Object code optimizer

Object code optimizer
A binary optimizer takes the existing output from a compiler and produces a better execution file with the same functionality.

An object code optimizer, sometimes also known as a post pass optimizer or, for small sections of code, peephole optimizer, takes the output from a source language compile step - the object code or binary file - and tries to replace identifiable sections of the code with replacement code that is more algorithmically efficient (usually improved speed).

Contents

Examples

  • The "COBOL Optimizer" developed by Capex Corporation in the mid 1970's for COBOL. This type of optimizer depended, in this case, upon knowledge of 'weaknesses' in the standard IBM COBOL compiler, and actually replaced (or patched) sections of the object code with more efficient code. The replacement code might replace a linear table lookup with a binary search for example or sometimes simply replace a relatively 'slow' instruction with a known faster one that was otherwise functionally equivalent within its context. This technique is now known as "Strength reduction". For example on the IBM/360 hardware the CLI instruction was, depending on the particular model, between twice and 5 times as fast as a CLC instruction for single byte comparisons.[1][2]

Advantages

The main advantage of this method was that the stock of already compiled customer programs (object code) could be improved almost 'instantly' with minimum effort, reducing CPU resources at a fixed cost (the price of the proprietary software). A disadvantage was that new releases of COBOL, for example, would require (charged) maintenance to the optimizer to cater for possibly changed internal COBOL algorithms. However, since new releases of COBOL compilers frequently coincided with hardware upgrades, the faster hardware would usually more than compensate for the application programs reverting to their pre-optimized versions (until a supporting optimizer was released).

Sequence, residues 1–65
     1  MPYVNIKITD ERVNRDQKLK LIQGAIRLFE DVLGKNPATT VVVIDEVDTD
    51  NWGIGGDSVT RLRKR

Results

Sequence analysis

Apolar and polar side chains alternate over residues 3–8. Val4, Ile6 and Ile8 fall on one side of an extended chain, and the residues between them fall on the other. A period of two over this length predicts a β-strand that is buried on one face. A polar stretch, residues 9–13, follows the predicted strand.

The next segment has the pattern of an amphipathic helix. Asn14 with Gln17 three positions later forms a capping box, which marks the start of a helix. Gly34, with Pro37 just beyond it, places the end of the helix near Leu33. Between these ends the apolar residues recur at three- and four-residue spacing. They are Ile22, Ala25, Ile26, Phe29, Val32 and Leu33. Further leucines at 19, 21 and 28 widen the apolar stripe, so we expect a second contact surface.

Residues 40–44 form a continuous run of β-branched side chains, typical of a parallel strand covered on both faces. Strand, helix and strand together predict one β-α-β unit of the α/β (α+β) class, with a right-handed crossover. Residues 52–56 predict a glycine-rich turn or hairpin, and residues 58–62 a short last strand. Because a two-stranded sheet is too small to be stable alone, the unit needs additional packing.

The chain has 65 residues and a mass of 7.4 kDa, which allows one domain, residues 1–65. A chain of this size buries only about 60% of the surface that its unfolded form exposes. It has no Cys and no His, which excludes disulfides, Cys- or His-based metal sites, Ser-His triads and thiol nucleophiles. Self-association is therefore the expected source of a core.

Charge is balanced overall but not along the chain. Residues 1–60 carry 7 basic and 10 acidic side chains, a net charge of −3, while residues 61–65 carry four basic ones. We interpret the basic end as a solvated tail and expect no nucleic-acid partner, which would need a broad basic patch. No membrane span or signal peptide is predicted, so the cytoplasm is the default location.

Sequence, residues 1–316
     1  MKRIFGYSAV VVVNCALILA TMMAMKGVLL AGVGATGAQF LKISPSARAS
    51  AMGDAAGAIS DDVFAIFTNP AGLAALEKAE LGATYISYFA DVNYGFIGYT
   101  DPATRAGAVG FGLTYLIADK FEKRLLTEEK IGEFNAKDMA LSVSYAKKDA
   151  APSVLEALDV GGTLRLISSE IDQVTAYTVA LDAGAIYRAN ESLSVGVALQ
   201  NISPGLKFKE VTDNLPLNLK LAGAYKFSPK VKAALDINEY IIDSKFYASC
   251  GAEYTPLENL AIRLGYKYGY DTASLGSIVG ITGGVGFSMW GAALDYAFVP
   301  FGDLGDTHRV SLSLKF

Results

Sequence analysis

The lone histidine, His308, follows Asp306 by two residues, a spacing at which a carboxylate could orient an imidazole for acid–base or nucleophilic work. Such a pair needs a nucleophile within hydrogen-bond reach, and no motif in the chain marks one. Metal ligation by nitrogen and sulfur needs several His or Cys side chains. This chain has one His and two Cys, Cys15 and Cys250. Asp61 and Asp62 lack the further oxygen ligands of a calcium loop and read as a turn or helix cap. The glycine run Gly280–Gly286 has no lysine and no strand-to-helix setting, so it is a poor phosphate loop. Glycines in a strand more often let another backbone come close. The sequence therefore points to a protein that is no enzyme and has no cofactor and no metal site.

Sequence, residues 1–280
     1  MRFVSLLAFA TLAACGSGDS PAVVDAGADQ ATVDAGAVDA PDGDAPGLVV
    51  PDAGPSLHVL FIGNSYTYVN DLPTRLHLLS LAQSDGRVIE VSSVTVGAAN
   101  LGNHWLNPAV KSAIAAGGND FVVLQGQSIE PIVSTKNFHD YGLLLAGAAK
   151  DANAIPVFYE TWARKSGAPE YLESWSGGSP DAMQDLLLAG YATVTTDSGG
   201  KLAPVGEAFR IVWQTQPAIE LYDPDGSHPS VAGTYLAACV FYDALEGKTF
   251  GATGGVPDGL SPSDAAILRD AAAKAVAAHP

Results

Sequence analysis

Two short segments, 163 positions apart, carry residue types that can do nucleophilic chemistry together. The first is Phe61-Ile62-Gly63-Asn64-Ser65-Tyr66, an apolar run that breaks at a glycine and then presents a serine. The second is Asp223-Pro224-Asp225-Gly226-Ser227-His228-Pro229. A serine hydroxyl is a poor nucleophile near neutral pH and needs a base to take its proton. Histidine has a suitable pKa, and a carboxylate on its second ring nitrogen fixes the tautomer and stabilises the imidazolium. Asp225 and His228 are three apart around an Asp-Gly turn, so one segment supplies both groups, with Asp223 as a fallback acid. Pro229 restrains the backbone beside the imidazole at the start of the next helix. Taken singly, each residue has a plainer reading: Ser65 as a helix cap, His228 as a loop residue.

Other optimizers using the same concept

Some binary optimizers seek to reduce only the size of binary files by eliminating duplicate library modules - without necessarily also improving their performance, while others utilize run-time metrics to introspectively improve performance using techniques similar to JIT compilers.

Recent developments

More recently developed 'binary optimizers' for various platforms, some claiming novelty but, nevertheless, essentially using the same (or similar) techniques described above, include:-

  • The Sun Studio Binary Code Optimizer [1] - which requires a profile phase beforehand
  • Design and Engineering of a Dynamic Binary Optimizer - from IBM T. J. Watson Res. Center (Feb 2005) [2] [3]
  • QuaC: Binary Optimization for Fast Runtime Code Generation in C [4] - (which appears to include some elements of JIT)
  • The Rio project [5]
  • COBRA: An Adaptive Runtime Binary Optimization Framework for Multithreaded Applications [6]
  • Spike Executable Optimizer (Unix kernal) [7]
  • "SOLAR" Software Optimization at Link-time And Run-time

References


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